Monte Carlo Methods

In [1]:
import sys
import gym
import numpy as np
from collections import defaultdict

from plot_utils import plot_blackjack_values, plot_policy
In [2]:
env = gym.make('Blackjack-v0')

MC Control

The algorithm implemented is the Every-visit Monte Carlo Method

The algorithm has four arguments this time:

  • env: Instance of an OpenAI Gym environment.
  • num_episodes: Number of episodes that are generated through agent-environment interaction.
  • alpha: Step-size parameter for the update step.
  • gamma: Discount rate for the rewards.

The algorithm returns as output:

  • Q: Python dictionary (of one-dimensional arrays for the actions) where Q[s][a] is the estimated action value corresponding to state s and action a.
  • policy: Pythin dictionary where policy[s] returns the action that the agent chooses after observing state s.

The pseudocode from the Sutton and Barto book for the following implementaiton is:

In [12]:
def mc_control(env, num_episodes, alpha, gamma=0.9, eps0=1.0, eps_decay=.99999, eps_min=0.05):
    
    # Variable to store all the possible actions of the environment
    nA = env.action_space.n
    
    # Initialize empty dictionary of arrays
    Q = defaultdict(lambda: np.zeros(nA))
    
    # Initialize epsilon
    eps = eps0
    
    # Loop over episodes
    for i_episode in range(1, num_episodes+1):
        
        if i_episode % 1000 == 0:
            print("\rEpisode {}/{}.".format(i_episode, num_episodes), end="")
            sys.stdout.flush()

        # Recalculate epsilon with a scheduler (a simple decay)
        eps = max(eps*eps_decay, eps_min)
        
        # Run the episode by following the eps-greedy policy
        episode = generate_episode_from_Q(env, Q, eps, nA)
        
        # Update the Q-Table values
        Q = update_Q(env, episode, Q, alpha, gamma)
    
    # Unroll our Q-Table picking the best action at each state (row) to define the found optimal policy
    policy = dict((k,np.argmax(v)) for k, v in Q.items())
        
    return policy, Q

We need to implement the wrapper functions we have defined in the control method above:

In [11]:
def generate_episode_from_Q(env, Q, eps, nA):
    '''
    Function to generate a MC episode given the environment, the last Q-Table,
    the ratio of exploration and the total number of actions
    Returns: and episode as a 3-tuple of (states, actions, rewards)
    '''
    # Initialize an empty env to run the new episode
    episode = []
    state = env.reset()
    
    # Until terminal state
    while True:
        
        # Generate an action following the policy
        action = np.random.choice(np.arange(nA), p=get_probs(Q[state], eps, nA)) if state in Q else env.action_space.sample()
        
        # Perform the 3-tuple for that state - Every visit approach
        next_state, reward, done, info = env.step(action)
        episode.append((state, action, reward))
        
        # Advance one state 
        state = next_state
        if done:
            break
    
    return episode

We need to define the function get_probs.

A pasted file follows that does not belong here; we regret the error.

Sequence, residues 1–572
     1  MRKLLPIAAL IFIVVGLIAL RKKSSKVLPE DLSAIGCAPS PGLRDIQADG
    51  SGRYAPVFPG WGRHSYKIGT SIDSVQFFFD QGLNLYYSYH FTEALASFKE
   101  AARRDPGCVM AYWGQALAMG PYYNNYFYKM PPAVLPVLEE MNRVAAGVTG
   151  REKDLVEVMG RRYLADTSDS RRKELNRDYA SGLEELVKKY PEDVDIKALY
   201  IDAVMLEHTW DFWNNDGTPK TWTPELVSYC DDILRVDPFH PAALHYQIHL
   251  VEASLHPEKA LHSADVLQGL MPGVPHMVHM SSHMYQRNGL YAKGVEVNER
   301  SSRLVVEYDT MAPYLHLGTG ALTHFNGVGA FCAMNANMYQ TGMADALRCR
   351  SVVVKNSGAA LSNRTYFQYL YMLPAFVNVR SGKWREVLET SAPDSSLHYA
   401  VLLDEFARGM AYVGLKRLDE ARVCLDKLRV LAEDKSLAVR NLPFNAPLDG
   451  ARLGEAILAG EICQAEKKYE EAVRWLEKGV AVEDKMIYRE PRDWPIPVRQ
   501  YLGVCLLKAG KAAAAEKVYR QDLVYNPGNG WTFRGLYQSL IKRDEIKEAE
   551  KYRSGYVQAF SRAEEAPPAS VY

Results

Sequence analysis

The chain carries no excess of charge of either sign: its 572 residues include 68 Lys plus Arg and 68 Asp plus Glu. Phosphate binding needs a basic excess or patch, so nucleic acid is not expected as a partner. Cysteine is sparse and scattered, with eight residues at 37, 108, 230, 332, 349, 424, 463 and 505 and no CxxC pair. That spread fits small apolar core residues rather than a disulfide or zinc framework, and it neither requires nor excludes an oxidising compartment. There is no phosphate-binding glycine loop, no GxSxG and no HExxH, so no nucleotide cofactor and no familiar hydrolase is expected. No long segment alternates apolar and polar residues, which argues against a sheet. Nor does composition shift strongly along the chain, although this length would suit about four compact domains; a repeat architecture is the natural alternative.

This functions simply picks one action among all the possible actions nA, based on the probabilities they have.
These probabilities are the values of the Q-Table for one particular row, corresponding to all the actions available for the state represented in that row.

In [5]:
def get_probs(Qs, eps, nA):
    '''
    Function that obtains the probabilites corresponding to e-greedy policy
    '''
    # 1 - Initial equal radom probability for every possible action
    policy_s = np.ones(nA) * eps / nA
    
    # 2 - Determine which is the current optimal action for that state
    best_a = np.argmax(Qs)
    
    # 3 - Update (increase) the probability for the optimal action
    policy_s[best_a] = 1 - eps + (eps / nA)
    
    return policy_s

The implementation for the update rule:

In [13]:
def update_Q(env, episode, Q, alpha, gamma):
    '''
    Function to update the Q-Table after running 1 episode
    '''
    # 1 - Extract the information of the run episode
    states, actions, rewards = zip(*episode)
    
    # 2 - Apply the discount factor
    discounts = np.array([gamma**i for i in range(len(rewards)+1)])
    
    # 3 - Apply the update function to every Q(s,a) <- Q(s,a) + alpha*[Gt - Q(s,a)]
    for i, s in enumerate(states):
        
        a = actions[i]
        old_Q = Q[s][a]
        Q[s][a] = old_Q + alpha*(sum(rewards[i:]*discounts[:-(1+i)]) - old_Q)
    return Q
In [20]:
# The value for alpha and the number of episodes have been set after trial and error
policy, Q = mc_control(env, 1000000, 0.1)
Episode 1000000/1000000.

Next, we plot the corresponding state-value function.

In [21]:
# obtain the corresponding state-value function
V = dict((k,np.max(v)) for k, v in Q.items())

# plot the state-value function
plot_blackjack_values(V)

Finally, we visualize the policy that is estimated to be optimal.

In [22]:
# plot the policy
plot_policy(policy)

The true optimal policy $\pi_*$ can be found in Figure 5.2 of the Sutton book (and appears below).

True Optimal Policy